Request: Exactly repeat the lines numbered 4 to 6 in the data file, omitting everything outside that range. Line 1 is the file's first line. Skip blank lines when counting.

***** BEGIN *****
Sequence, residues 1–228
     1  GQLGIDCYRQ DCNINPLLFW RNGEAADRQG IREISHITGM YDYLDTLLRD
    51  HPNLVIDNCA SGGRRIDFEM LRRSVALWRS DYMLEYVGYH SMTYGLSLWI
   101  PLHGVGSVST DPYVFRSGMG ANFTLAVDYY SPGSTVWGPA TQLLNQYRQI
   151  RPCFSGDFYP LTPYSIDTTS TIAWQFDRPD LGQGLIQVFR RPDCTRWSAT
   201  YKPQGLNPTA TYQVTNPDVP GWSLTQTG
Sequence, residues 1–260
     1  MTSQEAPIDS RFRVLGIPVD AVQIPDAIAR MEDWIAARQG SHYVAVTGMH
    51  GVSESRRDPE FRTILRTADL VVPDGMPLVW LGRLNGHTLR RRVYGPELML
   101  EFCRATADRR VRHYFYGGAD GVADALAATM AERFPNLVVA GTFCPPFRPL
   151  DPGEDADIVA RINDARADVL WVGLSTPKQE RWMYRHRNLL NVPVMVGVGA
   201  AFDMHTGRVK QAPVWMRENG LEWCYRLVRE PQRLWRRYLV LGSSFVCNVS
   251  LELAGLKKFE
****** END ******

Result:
   101  PLHGVGSVST DPYVFRSGMG ANFTLAVDYY SPGSTVWGPA TQLLNQYRQI
   151  RPCFSGDFYP LTPYSIDTTS TIAWQFDRPD LGQGLIQVFR RPDCTRWSAT
   201  YKPQGLNPTA TYQVTNPDVP GWSLTQTG